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4 Va. J. Soc. Pol'y & L. 479 (1996-1997)
Without Narrative: Child Sexual Abuse

handle is hein.journals/vajsplw4 and id is 487 raw text is: WITHOUT NARRATIVE: CHILD SEXUAL ABUSE

Lynne Henderson*
The more painful, dramatic, and overwhelming the narrative, the
more tense, wary, and self-protective is the audience, the quicker
the instinct to withdraw. '
Feminists have been rewriting the stories of harms to women in law
for some time now, drawing on the experiences of women, as well as nu-
merous empirical studies, to define and expand understanding of the
harms created by sexual violence and exploitation.2 But as feminists may
suspect from their experiences with rape law and law reform efforts, the
criminal law continues to disadvantage the relatively powerless and per-
petuate the dominant ideologies of the powerful. Resistance to effective
change and to understanding sexualized violence exists even when strong
*  Professor of Law, Indiana University--Bloomington. I thank Linda Alis, Donna Coker,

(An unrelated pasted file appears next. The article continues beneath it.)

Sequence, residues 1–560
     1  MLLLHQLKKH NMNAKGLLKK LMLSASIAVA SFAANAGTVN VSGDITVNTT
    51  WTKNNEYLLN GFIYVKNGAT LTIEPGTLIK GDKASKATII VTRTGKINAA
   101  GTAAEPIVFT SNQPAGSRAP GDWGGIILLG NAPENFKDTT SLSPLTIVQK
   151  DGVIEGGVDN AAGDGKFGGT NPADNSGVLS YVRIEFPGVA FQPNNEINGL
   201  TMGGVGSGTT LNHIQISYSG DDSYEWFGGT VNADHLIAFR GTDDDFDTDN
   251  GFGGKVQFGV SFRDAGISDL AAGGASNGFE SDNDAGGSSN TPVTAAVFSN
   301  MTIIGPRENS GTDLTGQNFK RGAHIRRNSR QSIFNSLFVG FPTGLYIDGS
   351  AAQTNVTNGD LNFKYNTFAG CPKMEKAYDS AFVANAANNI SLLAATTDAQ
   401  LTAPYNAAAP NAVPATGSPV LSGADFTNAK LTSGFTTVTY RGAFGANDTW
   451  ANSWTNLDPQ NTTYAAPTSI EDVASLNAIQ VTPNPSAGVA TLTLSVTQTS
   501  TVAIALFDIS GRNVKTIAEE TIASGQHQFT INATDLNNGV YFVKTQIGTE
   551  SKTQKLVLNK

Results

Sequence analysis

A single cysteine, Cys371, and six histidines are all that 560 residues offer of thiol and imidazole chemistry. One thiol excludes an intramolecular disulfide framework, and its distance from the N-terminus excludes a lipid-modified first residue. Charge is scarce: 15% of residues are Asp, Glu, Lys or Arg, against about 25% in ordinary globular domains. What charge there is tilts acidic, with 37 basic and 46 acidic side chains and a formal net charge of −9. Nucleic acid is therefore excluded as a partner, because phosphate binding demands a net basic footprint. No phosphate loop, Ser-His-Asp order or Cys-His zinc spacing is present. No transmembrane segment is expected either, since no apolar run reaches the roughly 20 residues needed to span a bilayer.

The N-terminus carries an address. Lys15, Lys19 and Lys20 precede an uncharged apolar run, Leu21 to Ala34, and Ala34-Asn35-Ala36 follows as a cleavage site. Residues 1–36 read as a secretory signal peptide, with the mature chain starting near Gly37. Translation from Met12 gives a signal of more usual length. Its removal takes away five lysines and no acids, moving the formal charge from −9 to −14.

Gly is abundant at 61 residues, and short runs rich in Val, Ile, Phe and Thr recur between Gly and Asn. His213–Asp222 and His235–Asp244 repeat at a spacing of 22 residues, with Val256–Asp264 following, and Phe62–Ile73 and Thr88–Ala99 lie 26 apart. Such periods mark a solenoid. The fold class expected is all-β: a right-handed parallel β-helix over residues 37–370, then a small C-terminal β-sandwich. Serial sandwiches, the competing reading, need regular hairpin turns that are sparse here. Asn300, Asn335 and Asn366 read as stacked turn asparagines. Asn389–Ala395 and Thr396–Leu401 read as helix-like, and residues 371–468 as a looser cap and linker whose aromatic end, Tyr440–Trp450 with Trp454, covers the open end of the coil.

Mary Coombs, Donald Ehrman, Karla Fischer, Jaqueline MacCauley, Manie Mahoney,
Aviva Orenstein, Michael Wald, Catharine Wells, Robin West, Susan Williams, Stephanie
Wildman, and Robert Weisberg, for discussing aspects of this paper and for their encour-
agement, interest, and helpful comments. I also benefited from comments on presentations
at the Northwestern Feminist Symposium in 1994, the Law & Society Association 1995
Annual Meeting, and a Stanford faculty works-in-progress luncheon. Special thanks also to
Indiana University School of Law for providing summer research support and Paul Lomio
of the Stanford Law Library for his typical, yet extraordinary, assistance. For other very
special and appreciated support, many thanks to Alan Lagod, Marnie Mahoney, Susan Sig-
norella, and Robert Weisberg. All errors are mine alone.
I  Lawrence L. Langer, Holocaust Testimonies 20 (1991). I thank Carol Sanger for intro-
ducing me to Langer's work.
2 The literature on sexual violence is now voluminous. See generally, Law and Violence
Against Women (Mary Louise Fellows & Beverly Balos eds., 1994); Catharine MacKinnon,
Feminism Unmodified (1987); Diana Russell, Rape in Marriage (1990); Diana Russell, The
Politics of Rape: The Victim's Perspective (1975); Kimberle Crenshaw, Mapping the Mar-
gins: Intersectionality, Identity Politics, and Violence Against Women of Color, 43 Stan. L.
Rev. 1241 (1991); Susan Estrich, Rape, 95 Yale L.J. 1087 (1986); Robin West, The Differ-
ence in Women's Hedonic Lives: A Phenomenological Critique of Feminist Legal Theory, 3
Wis. Women's L.J. 81 (1987) [hereinafter The Difference in Women's Hedonic Lives].

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